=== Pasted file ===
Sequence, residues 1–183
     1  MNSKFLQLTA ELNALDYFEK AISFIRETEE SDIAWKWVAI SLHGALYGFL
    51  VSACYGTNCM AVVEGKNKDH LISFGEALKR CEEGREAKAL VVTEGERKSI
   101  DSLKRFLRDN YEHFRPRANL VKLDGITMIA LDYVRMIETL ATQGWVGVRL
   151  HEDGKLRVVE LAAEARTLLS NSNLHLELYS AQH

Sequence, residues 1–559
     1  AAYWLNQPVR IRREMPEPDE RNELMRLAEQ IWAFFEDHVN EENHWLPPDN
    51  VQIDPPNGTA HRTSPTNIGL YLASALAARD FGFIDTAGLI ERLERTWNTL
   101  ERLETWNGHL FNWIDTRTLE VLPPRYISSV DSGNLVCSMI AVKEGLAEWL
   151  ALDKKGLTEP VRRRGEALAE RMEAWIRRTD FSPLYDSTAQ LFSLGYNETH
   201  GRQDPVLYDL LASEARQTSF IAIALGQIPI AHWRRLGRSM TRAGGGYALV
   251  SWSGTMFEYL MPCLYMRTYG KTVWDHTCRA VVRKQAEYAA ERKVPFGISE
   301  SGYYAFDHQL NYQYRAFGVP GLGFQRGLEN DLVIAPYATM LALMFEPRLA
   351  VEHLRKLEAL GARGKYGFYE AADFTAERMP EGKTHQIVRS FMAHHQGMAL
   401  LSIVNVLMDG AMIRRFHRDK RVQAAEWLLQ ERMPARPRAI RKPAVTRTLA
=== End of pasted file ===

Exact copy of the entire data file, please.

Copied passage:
Sequence, residues 1–183
     1  MNSKFLQLTA ELNALDYFEK AISFIRETEE SDIAWKWVAI SLHGALYGFL
    51  VSACYGTNCM AVVEGKNKDH LISFGEALKR CEEGREAKAL VVTEGERKSI
   101  DSLKRFLRDN YEHFRPRANL VKLDGITMIA LDYVRMIETL ATQGWVGVRL
   151  HEDGKLRVVE LAAEARTLLS NSNLHLELYS AQH

Sequence, residues 1–559
     1  AAYWLNQPVR IRREMPEPDE RNELMRLAEQ IWAFFEDHVN EENHWLPPDN
    51  VQIDPPNGTA HRTSPTNIGL YLASALAARD FGFIDTAGLI ERLERTWNTL
   101  ERLETWNGHL FNWIDTRTLE VLPPRYISSV DSGNLVCSMI AVKEGLAEWL
   151  ALDKKGLTEP VRRRGEALAE RMEAWIRRTD FSPLYDSTAQ LFSLGYNETH
   201  GRQDPVLYDL LASEARQTSF IAIALGQIPI AHWRRLGRSM TRAGGGYALV
   251  SWSGTMFEYL MPCLYMRTYG KTVWDHTCRA VVRKQAEYAA ERKVPFGISE
   301  SGYYAFDHQL NYQYRAFGVP GLGFQRGLEN DLVIAPYATM LALMFEPRLA
   351  VEHLRKLEAL GARGKYGFYE AADFTAERMP EGKTHQIVRS FMAHHQGMAL
   401  LSIVNVLMDG AMIRRFHRDK RVQAAEWLLQ ERMPARPRAI RKPAVTRTLA